Most useful textbook and academic posts of the week: May 1, 2020
It seems that over the past couple months, everything we thought we knew about research, writing, and academia in general has been turned on its head by COVID-19. This crisis has forced an examination of existing processes, exploration of alternative options, and adaptability to new ways of thinking. Well, putting it that way, it doesn’t sound much different from what academics do every day, does it?
This week’s collection of articles from around the web talks about some non-pandemic topics, like interdisciplinary research and recruitment and retention of women of color and indigenous women graduate students. We, of course, have a number of COVID-19 speculations, like the effect on scholarly publishing, added research complexities, and scientific and scholarly meeting practices – especially those taking place via Zoom or other video conferencing technology. We close with some advice on preparing for a PhD defense from the perspective of Nanyang Technological University in Singapore.
As much as things seem to change, we can take comfort in knowing that change is the only real constant in life. As for our writing efforts during this time, remember the words of E. L. Doctorow who said, “Writing is like driving at night in the fog. You can only see as far as your headlights, but you can make the whole trip that way.” Happy writing!
Collage as an art form is itself interdisciplinary. It can include drawing and painting as well as collecting and pasting photographs and images, fabric and ephemera of all kinds. How can collage work in research? To learn more, I interviewed Dr. Culshaw.
Here we offer suggestions drawn from Degrees of Difference that can help with the recruitment and retention of women of color and indigenous women graduate students. The contributors to our book illustrate the ways they have claimed their own space in the academy, and their essays reveal three crucial components: 1) encouraging the creation of community and mentoring networks, 2) demonstrating an intentional commitment to departmental inclusivity in the curriculum and the overall graduate program, and 3) offering transparent economic assistance and support.
In most things these days, people are preparing for the fact that a return to “normal,” will not be “normal.” There may be remarkable changes and we would be foolish to think “normal” aspects of scholarship will return. In some cases, this may be for the better. In other cases, it surely will not. I suppose our task right now is to figure out how to guide us towards the good changes.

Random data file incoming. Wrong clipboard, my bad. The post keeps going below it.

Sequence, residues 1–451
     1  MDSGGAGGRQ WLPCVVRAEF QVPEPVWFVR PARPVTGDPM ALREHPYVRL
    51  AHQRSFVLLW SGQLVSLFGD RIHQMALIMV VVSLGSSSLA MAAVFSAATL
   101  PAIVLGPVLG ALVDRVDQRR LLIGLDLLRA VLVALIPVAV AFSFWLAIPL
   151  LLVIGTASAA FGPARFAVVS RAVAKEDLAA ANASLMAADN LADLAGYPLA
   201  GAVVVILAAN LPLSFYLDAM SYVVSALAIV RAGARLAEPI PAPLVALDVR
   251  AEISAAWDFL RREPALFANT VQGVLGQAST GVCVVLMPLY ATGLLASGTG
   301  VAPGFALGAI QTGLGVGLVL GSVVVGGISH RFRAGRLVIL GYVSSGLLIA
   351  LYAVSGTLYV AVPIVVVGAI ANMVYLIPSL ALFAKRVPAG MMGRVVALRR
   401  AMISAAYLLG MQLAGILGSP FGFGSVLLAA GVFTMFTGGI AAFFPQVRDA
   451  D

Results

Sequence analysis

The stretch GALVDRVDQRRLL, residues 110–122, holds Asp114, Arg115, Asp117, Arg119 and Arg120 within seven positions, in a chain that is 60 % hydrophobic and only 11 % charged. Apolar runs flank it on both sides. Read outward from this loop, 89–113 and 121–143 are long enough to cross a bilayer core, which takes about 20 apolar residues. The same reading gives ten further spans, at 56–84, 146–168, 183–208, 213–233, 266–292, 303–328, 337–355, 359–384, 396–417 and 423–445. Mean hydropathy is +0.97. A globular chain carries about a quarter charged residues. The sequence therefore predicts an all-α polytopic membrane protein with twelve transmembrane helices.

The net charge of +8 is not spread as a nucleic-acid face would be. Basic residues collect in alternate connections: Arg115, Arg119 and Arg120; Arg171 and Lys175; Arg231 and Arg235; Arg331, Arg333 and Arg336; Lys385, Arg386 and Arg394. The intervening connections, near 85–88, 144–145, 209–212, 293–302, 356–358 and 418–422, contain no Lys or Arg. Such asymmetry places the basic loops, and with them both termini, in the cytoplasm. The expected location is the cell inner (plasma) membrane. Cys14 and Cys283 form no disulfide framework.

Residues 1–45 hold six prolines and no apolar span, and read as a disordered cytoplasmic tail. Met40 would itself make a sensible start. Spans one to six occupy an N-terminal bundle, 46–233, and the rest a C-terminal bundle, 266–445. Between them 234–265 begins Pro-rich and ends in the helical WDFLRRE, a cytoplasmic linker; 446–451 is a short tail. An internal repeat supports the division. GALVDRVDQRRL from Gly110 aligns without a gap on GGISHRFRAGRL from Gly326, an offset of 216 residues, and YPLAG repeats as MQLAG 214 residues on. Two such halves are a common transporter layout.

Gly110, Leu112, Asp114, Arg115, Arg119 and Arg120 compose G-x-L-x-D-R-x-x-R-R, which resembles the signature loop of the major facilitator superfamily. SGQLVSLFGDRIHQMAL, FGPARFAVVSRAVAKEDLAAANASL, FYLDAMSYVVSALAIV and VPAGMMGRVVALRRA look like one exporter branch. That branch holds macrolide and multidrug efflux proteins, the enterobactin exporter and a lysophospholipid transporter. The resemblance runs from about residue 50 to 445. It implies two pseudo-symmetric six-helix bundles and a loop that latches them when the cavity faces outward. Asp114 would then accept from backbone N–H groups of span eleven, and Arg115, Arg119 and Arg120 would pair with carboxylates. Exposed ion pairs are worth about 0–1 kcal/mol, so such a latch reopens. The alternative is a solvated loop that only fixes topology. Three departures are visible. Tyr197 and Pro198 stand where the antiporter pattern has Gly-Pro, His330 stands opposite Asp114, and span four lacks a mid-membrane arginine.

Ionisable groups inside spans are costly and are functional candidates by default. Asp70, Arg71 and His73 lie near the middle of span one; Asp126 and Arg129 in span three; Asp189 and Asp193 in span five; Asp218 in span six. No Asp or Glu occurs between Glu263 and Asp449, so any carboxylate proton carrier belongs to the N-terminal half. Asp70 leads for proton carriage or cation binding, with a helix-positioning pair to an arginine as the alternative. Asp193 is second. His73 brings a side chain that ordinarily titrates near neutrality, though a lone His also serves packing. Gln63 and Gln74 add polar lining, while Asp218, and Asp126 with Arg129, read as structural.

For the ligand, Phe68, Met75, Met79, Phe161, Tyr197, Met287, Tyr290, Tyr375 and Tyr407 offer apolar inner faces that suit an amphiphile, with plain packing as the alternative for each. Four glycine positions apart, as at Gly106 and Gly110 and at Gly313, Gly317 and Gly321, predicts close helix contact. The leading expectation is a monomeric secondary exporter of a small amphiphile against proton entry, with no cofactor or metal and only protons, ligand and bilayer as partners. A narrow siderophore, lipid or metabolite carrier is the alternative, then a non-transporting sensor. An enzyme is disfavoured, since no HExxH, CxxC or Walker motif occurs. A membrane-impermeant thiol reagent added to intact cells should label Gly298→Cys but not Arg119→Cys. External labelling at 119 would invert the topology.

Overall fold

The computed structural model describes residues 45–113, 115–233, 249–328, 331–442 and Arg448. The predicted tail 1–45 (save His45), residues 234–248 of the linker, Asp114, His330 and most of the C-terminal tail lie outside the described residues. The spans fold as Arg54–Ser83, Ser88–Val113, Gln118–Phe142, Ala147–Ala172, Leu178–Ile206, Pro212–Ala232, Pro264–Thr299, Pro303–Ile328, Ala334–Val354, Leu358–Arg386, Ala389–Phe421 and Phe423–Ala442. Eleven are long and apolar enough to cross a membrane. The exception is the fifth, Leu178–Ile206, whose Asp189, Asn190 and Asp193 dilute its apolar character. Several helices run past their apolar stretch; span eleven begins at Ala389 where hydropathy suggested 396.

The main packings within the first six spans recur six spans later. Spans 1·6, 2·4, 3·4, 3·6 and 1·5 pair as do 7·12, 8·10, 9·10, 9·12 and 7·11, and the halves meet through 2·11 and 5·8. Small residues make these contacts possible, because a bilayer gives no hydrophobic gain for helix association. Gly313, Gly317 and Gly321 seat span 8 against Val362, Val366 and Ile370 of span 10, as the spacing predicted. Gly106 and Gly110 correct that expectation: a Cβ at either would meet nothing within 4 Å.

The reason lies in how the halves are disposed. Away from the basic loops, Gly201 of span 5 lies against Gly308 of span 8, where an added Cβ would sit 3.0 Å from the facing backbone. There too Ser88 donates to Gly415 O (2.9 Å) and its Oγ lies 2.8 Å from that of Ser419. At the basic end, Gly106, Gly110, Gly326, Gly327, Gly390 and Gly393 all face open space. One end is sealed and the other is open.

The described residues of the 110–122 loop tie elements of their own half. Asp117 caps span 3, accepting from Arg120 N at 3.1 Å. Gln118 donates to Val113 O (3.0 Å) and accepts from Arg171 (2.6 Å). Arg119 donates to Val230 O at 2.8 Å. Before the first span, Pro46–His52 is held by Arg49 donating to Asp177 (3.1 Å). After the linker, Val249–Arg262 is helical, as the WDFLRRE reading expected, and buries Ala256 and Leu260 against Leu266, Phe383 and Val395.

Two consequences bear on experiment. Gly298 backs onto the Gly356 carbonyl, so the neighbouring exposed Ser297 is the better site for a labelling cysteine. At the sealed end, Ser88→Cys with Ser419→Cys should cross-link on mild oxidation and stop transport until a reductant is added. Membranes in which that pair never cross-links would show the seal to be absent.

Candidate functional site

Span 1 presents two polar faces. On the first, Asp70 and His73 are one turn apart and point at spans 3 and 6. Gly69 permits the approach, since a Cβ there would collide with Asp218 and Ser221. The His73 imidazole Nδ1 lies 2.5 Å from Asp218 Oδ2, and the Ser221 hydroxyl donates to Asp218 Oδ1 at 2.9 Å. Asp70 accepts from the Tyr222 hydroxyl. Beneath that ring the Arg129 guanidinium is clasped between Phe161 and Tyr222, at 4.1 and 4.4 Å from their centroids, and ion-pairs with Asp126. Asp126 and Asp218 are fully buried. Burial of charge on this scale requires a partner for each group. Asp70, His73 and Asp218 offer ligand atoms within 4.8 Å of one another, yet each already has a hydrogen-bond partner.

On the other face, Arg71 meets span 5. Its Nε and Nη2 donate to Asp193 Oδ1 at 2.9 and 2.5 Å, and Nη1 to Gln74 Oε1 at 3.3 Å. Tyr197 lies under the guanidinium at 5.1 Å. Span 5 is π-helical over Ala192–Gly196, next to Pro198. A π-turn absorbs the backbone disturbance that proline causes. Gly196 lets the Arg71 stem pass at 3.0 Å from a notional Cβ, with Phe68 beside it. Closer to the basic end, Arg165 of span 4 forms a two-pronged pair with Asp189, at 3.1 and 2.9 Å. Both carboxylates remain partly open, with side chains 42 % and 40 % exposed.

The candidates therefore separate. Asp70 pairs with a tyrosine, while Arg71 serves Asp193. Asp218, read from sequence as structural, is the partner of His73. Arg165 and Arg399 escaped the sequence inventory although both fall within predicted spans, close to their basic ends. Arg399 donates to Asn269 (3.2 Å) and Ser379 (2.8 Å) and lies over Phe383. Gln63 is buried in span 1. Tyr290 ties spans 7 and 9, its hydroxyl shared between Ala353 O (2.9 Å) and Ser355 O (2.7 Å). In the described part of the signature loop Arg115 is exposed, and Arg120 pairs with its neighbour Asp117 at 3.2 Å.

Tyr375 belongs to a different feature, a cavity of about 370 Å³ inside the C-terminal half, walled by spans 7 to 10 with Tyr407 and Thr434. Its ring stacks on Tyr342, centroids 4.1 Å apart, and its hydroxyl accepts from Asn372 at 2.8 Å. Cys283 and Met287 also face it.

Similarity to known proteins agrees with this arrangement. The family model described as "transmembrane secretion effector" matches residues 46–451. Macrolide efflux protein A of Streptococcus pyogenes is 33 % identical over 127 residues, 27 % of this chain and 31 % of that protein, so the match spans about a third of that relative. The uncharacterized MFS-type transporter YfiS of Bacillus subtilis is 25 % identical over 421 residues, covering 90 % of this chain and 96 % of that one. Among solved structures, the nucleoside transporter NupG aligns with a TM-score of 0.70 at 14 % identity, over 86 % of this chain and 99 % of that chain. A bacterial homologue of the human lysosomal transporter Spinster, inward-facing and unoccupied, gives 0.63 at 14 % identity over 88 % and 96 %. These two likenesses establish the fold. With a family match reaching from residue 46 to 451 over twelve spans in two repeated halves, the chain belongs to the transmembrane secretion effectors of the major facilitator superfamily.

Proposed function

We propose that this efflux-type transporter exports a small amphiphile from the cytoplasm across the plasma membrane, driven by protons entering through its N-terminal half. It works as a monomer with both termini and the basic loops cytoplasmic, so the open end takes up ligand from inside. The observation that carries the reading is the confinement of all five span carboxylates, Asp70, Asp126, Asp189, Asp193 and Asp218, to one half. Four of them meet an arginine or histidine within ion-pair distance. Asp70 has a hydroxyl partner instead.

The academic world and the world at large, are facing major disruption from the Covid-19 pandemic. I asked Dr. Szostak to discuss ways interdisciplinary thinking help us study and understand problems that cross disciplinary boundaries. He discusses some thoughts in previous posts, and answers some specific questions here. In this set of questions I wanted to gain some insights on implications for doctoral programs and research faculty.
A question on the minds of many executives at scientific and scholarly societies is whether it will be possible to hold a large in-person meeting (or any gathering over a hundred people) before a vaccine or drug is widely available or the pandemic otherwise subsides. Conference organizers with meetings in the spring of 2020 (including the Society for Scholarly Publishing, the publisher of The Scholarly Kitchen) have been forced to either cancel events or scramble to move meetings to an online format in the wake of the rapidly moving public health situation. Those with events further out on the calendar, have the luxury of more time to prepare for alternative scenarios.
Zoom sessions can feel very different depending on what the session actually is and what role I have in it. I say Zoom because it is the platform that my institution is subscribed to and the one I use the most. I’d imagine that constant use of any video conferencing platform would be similar.
It’s hard to pin down why Zoom, which I’m using here to stand for video conferencing in general, is more tiring than meeting in person but I’m increasingly convinced it is. It combines all the familiar ailments which develop from meetings but with a unique piquancy that makes the ensuing suffering more than the sum of its parts.
One pitfall that perhaps many people like myself would commit is spending much time and effort on the nitty gritty of the presentation resulting in a neglect of the “defence”. My esteemed supervisor Prof. K. K. Luke reminded me this: just give a gist about your research with 1-2 good examples, focus more on the conclusion, and spend more time on preparing for the questions! Luckily he prompted me a key question “what is new?” during the preparation which helped me answer the first question posed by the chair: “What is the single most important finding?“.